Cardinal Dolan (Big Tim) was at the “Gala” Dreher writes about, along with a bunch of other swells and usual suspects fiddling while Rome burned right before their eyes.  You can bet Timmy was as hearty and ebullient as ever.  So too was the famous Jesuit James Martin, the twitterer of note, there, mixing with the swells at the orgy.  I imagine him as a butterfly before the flame.  I’ll bet he’s a good dancer, and a “safe” one, too.  He’d probably make a bundle on a cruise ship in the Carib; Mass in the morning and a fox trot with the old babes at night; all good clean fun, ad majoram Dei gloriam, don’t you know.

One other guy had a few words about the whole bloody thing, this Ross Douthat guy who does not write for the NYT.  His reaction to the whole matter is here.

He’s not as sweet on Catholic chic as his colleague, and definitely not as sweet as  the Jesuit journal America, whose reporter gave the event a Vogue treatment.  Of course, what would you want?  It was fashion, really, and culture!  And, fashion and culture in this instance and many another of similar meaning and purpose resemble, for me at least, and a lot of guys I grew up with, nothing so much as Necrotizing Fasciitis.  Faith? Religion? Prayer?

Well, not here.  Not now. Well, possibly with the possible exception of and exclamation about the color of the fabric, the silhouette of the gown, the eyes of the model and how such things got started way long ago; and, well, were really from another more simple age.  So, maybe never.


Many years ago I attended an exhibit at the National Gallery of Art in DC.  There was a rare appearance of some painting or other by a Dutch Master, the real painter not the cigar.  Thousands of people lined up to see the thing.  And after a long wait, they did.  So did I, from a distance like the song says.  It was in a big room, and far away; a little thing surrounded by the true believers in beauty, and art and stuff.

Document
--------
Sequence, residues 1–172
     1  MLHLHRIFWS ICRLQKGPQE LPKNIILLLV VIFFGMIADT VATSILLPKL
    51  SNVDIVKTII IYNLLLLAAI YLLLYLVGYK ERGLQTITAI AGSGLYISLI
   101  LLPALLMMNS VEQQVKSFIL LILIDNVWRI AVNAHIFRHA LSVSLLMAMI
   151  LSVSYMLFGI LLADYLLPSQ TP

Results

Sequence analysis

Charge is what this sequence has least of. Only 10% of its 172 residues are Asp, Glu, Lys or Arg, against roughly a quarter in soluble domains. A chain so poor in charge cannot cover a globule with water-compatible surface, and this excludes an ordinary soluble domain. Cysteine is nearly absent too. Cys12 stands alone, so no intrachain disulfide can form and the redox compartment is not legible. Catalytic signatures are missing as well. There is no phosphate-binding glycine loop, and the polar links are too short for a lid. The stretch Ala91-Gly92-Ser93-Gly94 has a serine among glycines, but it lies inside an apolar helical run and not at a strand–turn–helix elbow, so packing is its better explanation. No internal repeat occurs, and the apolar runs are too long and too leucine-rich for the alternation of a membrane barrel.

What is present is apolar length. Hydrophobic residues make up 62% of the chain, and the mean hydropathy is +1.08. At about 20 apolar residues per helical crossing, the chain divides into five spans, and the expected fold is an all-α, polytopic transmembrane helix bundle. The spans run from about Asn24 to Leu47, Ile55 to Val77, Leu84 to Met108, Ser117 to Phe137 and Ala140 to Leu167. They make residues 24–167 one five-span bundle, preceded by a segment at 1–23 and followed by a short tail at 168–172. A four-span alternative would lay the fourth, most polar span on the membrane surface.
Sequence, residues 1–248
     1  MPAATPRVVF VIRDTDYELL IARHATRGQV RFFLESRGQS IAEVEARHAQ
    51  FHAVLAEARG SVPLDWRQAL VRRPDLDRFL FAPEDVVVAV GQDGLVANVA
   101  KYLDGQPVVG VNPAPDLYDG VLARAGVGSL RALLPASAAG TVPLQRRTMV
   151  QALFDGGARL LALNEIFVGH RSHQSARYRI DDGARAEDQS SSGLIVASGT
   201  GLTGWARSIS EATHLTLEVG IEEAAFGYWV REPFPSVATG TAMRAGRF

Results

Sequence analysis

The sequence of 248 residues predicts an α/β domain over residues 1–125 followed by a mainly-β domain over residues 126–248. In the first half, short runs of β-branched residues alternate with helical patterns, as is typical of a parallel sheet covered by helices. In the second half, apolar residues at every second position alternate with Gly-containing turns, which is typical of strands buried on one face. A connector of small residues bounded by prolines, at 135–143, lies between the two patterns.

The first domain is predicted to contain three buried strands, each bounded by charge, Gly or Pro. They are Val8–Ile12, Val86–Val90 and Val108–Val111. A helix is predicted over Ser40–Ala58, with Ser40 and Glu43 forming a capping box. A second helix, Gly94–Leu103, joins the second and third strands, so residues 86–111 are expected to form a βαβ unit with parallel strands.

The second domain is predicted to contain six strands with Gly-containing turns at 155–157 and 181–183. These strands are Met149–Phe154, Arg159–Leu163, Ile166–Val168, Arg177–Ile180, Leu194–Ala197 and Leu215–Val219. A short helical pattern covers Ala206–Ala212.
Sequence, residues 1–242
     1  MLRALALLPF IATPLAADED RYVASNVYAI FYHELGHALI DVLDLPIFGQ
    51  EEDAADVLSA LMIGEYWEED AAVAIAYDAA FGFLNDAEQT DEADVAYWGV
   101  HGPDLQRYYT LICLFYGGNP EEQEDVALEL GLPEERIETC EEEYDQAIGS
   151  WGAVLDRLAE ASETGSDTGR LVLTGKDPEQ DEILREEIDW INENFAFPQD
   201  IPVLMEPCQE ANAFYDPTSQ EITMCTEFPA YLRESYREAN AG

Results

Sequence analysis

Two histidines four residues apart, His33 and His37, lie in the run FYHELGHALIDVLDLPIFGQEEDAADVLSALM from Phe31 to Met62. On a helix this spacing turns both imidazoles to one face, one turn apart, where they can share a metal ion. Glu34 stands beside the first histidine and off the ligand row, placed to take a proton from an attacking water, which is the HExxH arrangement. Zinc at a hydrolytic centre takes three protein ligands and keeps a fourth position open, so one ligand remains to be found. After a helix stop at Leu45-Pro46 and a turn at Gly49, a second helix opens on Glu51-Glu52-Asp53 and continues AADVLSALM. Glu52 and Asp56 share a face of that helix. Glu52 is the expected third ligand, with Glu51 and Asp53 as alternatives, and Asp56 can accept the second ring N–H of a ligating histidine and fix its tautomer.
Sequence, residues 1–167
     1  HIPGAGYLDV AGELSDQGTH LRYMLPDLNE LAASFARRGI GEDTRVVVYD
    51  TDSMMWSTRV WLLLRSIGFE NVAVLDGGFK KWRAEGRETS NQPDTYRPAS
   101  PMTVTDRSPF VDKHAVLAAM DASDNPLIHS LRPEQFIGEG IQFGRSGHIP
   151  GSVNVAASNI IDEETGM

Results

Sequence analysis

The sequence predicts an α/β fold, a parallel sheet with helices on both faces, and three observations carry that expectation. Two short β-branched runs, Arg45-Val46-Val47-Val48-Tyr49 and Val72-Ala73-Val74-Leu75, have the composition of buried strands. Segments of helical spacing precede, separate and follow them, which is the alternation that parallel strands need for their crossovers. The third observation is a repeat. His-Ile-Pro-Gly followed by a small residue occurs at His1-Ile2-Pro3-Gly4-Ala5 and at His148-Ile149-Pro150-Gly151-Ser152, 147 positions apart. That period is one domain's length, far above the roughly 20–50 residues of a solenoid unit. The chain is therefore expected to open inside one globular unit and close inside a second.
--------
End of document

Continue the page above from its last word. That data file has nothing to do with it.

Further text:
I looked, but mostly at the “swells”, and left.  There was a low, almost prayerful murmur from them, and some ever so reverent pushing to get near the “icon”.  But, it was near noon, and I was hungry, and I knew this crowd wasn’t breaking for lunch soon, or possibly anytime when they could huddle, massively, reverently, before a little painting of a young girl, and whisper prayerfully about beauty, talent and genius.

Back in the corridor I struck out for the cafeteria, walking almost alone in that general direction, following my nose, a few other folks, and wondering about what I had just seen, and why I let things like this make me want to throw rotten eggs.  Along the way something caught my eye.  It was behind glass, a small piece just to my left.  I stopped because it was unusual, a cup, a chalice to be exact; a gold chalice covered with jewels.  It was beautiful..  According to the sign it was the chalice of the Abbot Suger, he of the Abbey of Sant Denis over in France.  You’re not sure you recognize the name?  Here, let me help.


Abbot Suger comes to us via 12th century France.  He is responsible for the beginning of Gothic architecture, was Regent of France for a few years when the king, a guy he went to school with at the Abbe of St. Denis, just outside Paris, where he was named the abbot and started the Gothic style while remodling the crumbled old abbey church.  Along with that, he instituted a number of clerical and monastic reforms, bringing them back to a better observance and understanding of what their work as clerics was all about, and why it mattered.  Stuff I have no doubt the Cardinal and the dancing Jesuit I mention above are, no doubt, much better able to discuss than I will ever be.

I thought about Suger, his chalice imprisoned now in a little niche in a museum filled with trinkets, baubles, stuff and well dressed gawkers.  I felt sorry, really, for that lovely chalice behind the glass then, somewhat in the same way that sorrow came over me when reading about the “dress up” at the other museum in New York.  And, I wondered most recently if that fellow whose sacramental blood that imprisoned chalice once held would have schmoozed with all the “big players”, or would he have done something like he did in His “Father’s House” long ago.